Baby Back Ribs with Guava Barbecue SauceSteven Raichlen
Long before there was modern fusion cuisine, people cooked Chino-Latino. It originated with Chinese laborers who immigrated to Cuba and Trinidad and elsewhere in the Caribbean to work the plantations. They developed a unique mashup of Asian and West Indian cooking.
Chino-Latino baby back ribs with a Chinese five-spice rub, a Japanese sake spray, and a sweet, Caribbean Guava Barbecue Sauce.
Other Recipes from Episode 211: Chino-Latino
Baby Back Ribs with Guava Barbecue Sauce
- Yield: Serves 4
- Method: Indirect grilling
- Equipment: 1 1/2 cups hardwood chips, such as hickory, soaked in water to cover for 30 minutes, then drained (optional—only if using a charcoal grill); food-safe spray bottle
- 3 tablespoons sugar
- 2 tablespoons coarse salt (kosher or sea)
- 2 tablespoons freshly ground black pepper
- 1 tablespoon Chinese dry mustard (or substitute Colman’s)
- 2 teaspoons Chinese five-spice powder
- 1 cup Chinese rice wine, sake, or rice vinegar
- 2 racks baby back ribs (4 to 5 pounds total), membranes removed
- Guava Barbecue Sauce
1: Make the rub: Place the sugar, salt, pepper, mustard, and five spice powder in a bowl and mix with your fingers, breaking up any lumps in the sugar or mustard powder. Set aside.
2: Place the rice wine in a mister or spray bottle and set aside.
3: Place the ribs on a baking sheet. Remove the membranes. Sprinkle the ribs on both sides with rub, rubbing it into the meat. Cover the ribs and store in the refrigerator while you set up your grill.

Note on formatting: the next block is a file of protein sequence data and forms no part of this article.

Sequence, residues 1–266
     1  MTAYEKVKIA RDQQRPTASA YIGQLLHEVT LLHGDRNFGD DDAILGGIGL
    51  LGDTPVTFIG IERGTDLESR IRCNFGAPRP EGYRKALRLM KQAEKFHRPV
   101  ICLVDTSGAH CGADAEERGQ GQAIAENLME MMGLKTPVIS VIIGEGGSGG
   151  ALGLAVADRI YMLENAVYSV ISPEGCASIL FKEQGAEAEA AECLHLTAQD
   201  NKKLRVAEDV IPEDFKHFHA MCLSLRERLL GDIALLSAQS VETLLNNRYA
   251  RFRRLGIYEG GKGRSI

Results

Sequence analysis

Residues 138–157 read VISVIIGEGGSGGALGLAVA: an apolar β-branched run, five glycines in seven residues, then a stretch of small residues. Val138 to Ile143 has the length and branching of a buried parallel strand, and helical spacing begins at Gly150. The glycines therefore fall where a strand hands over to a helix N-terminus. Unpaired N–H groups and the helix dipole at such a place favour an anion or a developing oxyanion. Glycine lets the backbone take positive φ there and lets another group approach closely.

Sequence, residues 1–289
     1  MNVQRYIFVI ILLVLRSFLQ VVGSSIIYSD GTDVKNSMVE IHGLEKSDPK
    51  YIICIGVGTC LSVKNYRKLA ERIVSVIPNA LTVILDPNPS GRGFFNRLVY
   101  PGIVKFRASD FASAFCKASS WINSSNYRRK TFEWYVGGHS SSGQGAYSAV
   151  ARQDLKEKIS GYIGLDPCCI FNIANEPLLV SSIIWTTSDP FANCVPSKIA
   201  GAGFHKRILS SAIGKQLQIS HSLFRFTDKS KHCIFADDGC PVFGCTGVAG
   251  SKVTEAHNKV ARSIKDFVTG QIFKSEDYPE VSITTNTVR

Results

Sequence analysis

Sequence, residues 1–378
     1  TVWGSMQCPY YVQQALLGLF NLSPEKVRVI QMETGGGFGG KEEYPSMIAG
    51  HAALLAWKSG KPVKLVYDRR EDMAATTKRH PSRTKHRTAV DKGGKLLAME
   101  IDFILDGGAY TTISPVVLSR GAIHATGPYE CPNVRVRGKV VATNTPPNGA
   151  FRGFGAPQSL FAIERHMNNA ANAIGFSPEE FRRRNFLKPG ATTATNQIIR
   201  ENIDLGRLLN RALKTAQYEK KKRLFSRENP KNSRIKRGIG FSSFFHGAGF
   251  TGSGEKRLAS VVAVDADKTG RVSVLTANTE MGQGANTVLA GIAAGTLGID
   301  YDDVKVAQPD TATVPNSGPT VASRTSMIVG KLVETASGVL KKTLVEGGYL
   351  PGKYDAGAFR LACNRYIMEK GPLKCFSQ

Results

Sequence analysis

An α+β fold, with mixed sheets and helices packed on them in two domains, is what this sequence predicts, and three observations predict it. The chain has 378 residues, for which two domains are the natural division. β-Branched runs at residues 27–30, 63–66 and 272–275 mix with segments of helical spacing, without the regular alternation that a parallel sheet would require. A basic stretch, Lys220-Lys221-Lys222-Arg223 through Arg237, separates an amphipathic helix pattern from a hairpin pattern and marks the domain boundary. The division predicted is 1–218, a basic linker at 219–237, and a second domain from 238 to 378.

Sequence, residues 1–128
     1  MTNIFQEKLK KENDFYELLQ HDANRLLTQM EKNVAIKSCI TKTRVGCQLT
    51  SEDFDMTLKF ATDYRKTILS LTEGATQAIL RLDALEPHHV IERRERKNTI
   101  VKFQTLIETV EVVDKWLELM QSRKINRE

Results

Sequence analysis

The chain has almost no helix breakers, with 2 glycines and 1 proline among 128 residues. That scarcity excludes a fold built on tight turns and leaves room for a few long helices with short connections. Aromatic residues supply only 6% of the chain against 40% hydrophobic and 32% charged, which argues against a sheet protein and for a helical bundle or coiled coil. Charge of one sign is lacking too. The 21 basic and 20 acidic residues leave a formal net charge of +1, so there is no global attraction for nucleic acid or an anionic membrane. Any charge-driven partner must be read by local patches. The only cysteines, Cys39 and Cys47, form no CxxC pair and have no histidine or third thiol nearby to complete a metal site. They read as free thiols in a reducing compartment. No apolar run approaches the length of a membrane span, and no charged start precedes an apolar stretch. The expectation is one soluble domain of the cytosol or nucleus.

4: Set up the grill for indirect grilling and heat to medium-low. Brush and oil the grill grate.
5: Arrange the ribs, bone side down, in the center of the grate over the drip pan away from the heat. If working on a charcoal grill and using wood chips, toss half on each mound of coals. Cover the grill and cook for 1 hour.
6: Spray the ribs with rice wine. Recover the grill and continue cooking until the ribs until well browned and cooked through, yet tender enough to pull apart with your fingers, to 3 hours more, 3 to 4 hours in all. Spray the ribs once or twice more and if using a charcoal grill, replenish the coals as needed. When ribs are cooked, the meat will have shrunk back from the ends of the bones by about 1/2-inch.
7: The last few minutes, brush the ribs on both sides with some of the guava barbecue sauce and move them directly over the fire. Grill until the ribs are browned and bubbling, 2 minutes per side.
8: Transfer the ribs to a large platter or cutting board, and cut the racks in half, widthwise (or into individual ribs). Serve at once with the remaining guava sauce on the side.
Set up your smoking according to the manufacturer’s instructions. Preheat to low (225 to 250 degrees). Place the ribs in the smoker bone side down. Smoke until cooked, 4 to 5 hours, lightly basting the ribs with sauce the last 30 minutes.
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Steven Raichlen’s Project Fire is a production of Maryland Public Television, Barbacoa, Inc., and Resolution Pictures. © 2019 Barbacoa, Inc. Photos by Chris Bierlein.